Didier: We’ve been working with the elderly in a Jewish center, with people between 65 and 100 years of age. It’s a big place, 300 residents, and we’ve been working with teams of clowns and it has been quite beautiful. The residents often say they are bored, watching TV all the time. Some are depressed, waiting for death not having much hope for anything else. Discretely we find a way, maybe over two weeks, to turn off the television. Then three, or four, of us may just mime how we see the residents we are visiting. I might sit there and wait a bit, copying their posture, just being there, breathing, making some eye contact, Not expecting anything in particular – the whole work of clown care is not to expect, but to trust, and doing nothing is doing everything, just being there. And then we can just make a little movement, and very soon there’s a kind of mirroring happening. They start to move, I will start to move slowly, and I start to play some music, singing an old Jewish song they have known in their childhood. We hum the melody, and they start to sing the words.  And as they sing the words, some joy comes into their body, and we encourage a little movement, just connecting to their neighbor, letting go of their feelings of isolation. So it builds up slowly from things that are meaningful to them.

We’ve had many who started to sing with us so loudly and full of energy. We might have two clowns who start to dance in the middle, softly, to the music. If someone is totally withdrawn, which can happen particularly with dementia, we might just start copying them, or for example touch their hand, to bring back the mind into the body. We have to feel how far we can go without disturbing their sense of security. So that’s how we work, we invite slowly, and we engage, in a very careful way, with music, mime, mirroring their feelings, in a true way until we open the door for a possible exchange.

Our mind/heart is a mirror. As you become a mirror, you are remembering yourself, especially when you are old and a bit lost in your mind. Here you are, and you’re fine as you are. And this true meeting is a stepping stone for playing creatively. Then we can start to relate to the invisible, as we touch empty space, letting an expansion arise from the meeting. It’s to expand our mind to a possibility that there is something more than you and me here. This is also the role of the clown. We are entering the invisible. As we enter this realm, something happens in the feeling, in the mind, and it has surprising qualities, it can transform. We start to relate to the invisible.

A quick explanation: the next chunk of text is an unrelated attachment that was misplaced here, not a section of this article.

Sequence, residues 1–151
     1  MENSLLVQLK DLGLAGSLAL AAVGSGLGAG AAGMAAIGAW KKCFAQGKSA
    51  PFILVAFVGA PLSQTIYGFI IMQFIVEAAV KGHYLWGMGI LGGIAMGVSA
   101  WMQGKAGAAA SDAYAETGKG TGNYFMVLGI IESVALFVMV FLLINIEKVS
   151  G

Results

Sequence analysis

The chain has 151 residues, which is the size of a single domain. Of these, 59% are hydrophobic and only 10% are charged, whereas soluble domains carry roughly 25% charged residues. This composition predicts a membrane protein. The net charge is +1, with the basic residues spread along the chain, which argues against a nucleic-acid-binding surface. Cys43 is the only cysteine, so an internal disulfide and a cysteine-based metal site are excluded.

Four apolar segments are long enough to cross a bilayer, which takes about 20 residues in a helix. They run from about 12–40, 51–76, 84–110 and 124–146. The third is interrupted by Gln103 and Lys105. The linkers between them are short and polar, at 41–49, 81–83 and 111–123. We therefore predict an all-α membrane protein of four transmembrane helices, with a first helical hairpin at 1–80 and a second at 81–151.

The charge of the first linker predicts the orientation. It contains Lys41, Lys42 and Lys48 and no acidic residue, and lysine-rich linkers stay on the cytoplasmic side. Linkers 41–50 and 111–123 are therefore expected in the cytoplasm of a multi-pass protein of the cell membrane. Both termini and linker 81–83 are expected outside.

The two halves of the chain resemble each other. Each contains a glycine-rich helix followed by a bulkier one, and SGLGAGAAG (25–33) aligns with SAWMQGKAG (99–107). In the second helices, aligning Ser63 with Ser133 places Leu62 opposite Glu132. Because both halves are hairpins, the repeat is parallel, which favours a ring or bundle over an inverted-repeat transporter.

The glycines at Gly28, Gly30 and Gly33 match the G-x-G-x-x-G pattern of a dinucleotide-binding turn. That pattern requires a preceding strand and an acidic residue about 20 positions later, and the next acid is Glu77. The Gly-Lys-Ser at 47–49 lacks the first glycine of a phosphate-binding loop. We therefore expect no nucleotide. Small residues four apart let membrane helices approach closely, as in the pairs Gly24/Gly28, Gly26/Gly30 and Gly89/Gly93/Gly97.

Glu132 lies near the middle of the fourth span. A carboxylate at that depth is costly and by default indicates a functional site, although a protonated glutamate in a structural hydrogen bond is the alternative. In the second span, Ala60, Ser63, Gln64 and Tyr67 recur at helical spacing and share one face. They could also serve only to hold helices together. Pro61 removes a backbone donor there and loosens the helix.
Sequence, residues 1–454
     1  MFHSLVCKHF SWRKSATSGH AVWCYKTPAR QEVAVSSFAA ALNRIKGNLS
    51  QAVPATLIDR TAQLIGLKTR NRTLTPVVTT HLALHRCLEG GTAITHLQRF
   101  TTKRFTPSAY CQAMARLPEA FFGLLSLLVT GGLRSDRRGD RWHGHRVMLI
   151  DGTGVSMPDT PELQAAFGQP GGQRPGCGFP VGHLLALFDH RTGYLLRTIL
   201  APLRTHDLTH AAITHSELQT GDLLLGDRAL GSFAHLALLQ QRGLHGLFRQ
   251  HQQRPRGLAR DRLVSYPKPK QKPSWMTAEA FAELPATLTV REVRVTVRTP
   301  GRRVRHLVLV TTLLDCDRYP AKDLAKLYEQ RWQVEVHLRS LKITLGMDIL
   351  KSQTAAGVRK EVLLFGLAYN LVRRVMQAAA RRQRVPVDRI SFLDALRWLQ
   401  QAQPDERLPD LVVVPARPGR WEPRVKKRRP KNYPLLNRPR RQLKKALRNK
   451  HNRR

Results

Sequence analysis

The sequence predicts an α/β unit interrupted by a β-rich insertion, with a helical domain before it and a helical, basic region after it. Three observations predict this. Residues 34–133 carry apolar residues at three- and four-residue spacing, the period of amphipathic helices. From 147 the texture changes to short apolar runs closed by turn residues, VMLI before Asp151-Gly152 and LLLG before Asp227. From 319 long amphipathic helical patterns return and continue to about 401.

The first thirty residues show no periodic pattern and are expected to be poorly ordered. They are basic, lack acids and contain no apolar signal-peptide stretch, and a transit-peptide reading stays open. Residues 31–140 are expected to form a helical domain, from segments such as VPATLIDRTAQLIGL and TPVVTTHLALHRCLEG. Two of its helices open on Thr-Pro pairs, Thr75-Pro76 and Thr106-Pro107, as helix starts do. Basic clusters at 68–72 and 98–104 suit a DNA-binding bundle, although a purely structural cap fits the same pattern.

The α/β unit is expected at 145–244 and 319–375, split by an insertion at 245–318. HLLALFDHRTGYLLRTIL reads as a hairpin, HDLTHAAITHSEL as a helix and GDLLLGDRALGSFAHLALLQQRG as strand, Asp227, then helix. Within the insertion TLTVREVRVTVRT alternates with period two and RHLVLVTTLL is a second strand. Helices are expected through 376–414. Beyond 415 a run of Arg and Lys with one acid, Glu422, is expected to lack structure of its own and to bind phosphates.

Barbara: That really helps me understand how you work and how the human process happens, the gift of being together, and the gift of presence. Didier, is there anything that you could offer to the rest of us, of how we could bring this sense of play into our lives, in our interactions with others?

Didier: What touches me so much is looking at beauty. What is beauty? And where does beauty come from? If you move and there’s beauty in your movement, anybody can be touched. Beauty is simply bringing the breath into the movement, and letting ourselves be touched. We often say we have to do something to express ourselves, but actually, to have an attitude of listening and letting ourselves be touched by what is, that is real beauty. The air as you move, the floor under your feet, all those things are the ground for beauty, a kind of beauty that gives joy, and costs nothing. What is art? Art is being simple. Like William Blake says;

To see a world in a grain of sand And a heaven in a wild flower, Hold infinity in the palm of your hand And eternity in an hour.

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It is there. And if we can just really enjoy a flower, or a little shadow on the floor, or some dust in the air, you can enter it. We are very free already when we bring our minds to the smallest things. Developing mindfulness into an art form is the most wonderful gift. The clown is a master at coming back to being

truly human, embracing the sadness and the joy, so they unite and become one. This is the full spectrum, the full rainbow, sadness and joy, there is a quality of reverence in that experience, and it also becomes a potential for play. It is very simple. It is the practice of coming home, being touched and touching. In my performances I don’t work with things completely set, there are just little landmarks, and between them I connect with the audience. The audience is creating the performance with me. We are engaging and sharing a creative moment together, and it’s a mystery. And if we can hold that mystery, then we have true magic. The interaction of opening the space and holding it together, the not-knowing, is really a beautiful interconnection.

Barbara: I’ve been touched, by you allowing yourself to be touched.

Didier: Yes! Right. To not know, and hold it there. You know, hold it right now, just here — I don’t know what I am going to tell you, I’ve lost the track of it.

Barbara: [laughs]

Didier: Just enjoy it!

Barbara: Right!

Didier: You know, if I can just enjoy it, it’s okay.

Barbara: Right, right. It’s interesting how much discomfort there is, in that moment, for most of us.

Didier: Exactly. In that moment, I’ve lost the track. I can panic. Or I can enjoy it. Then we stay together and just trust each other. If you are on stage, with an audience before you, and you fill up the gap, then at that moment you are truly lost. If you are lost, you have also lost your audience. You have lost the inter-dependence. So it’s very important to not panic, but rather to rest there, and not judge the experience.

Instead of performing, we learn to be in the moment, and when nothing is there, just breathe! As soon as you have this attitude as the ground, you are never lost. You are always free, and you are always in total connection with your surrounding and the people present.

[plane flies overhead, making a lot of noise.]

I just lost what I was saying then, and I felt, okay, just felt it, [exhaling long], and I didn’t lose you. But in that moment, it would be easy to fill up the gap with doing.

Barbara: Right.

Didier: This is where we lose track.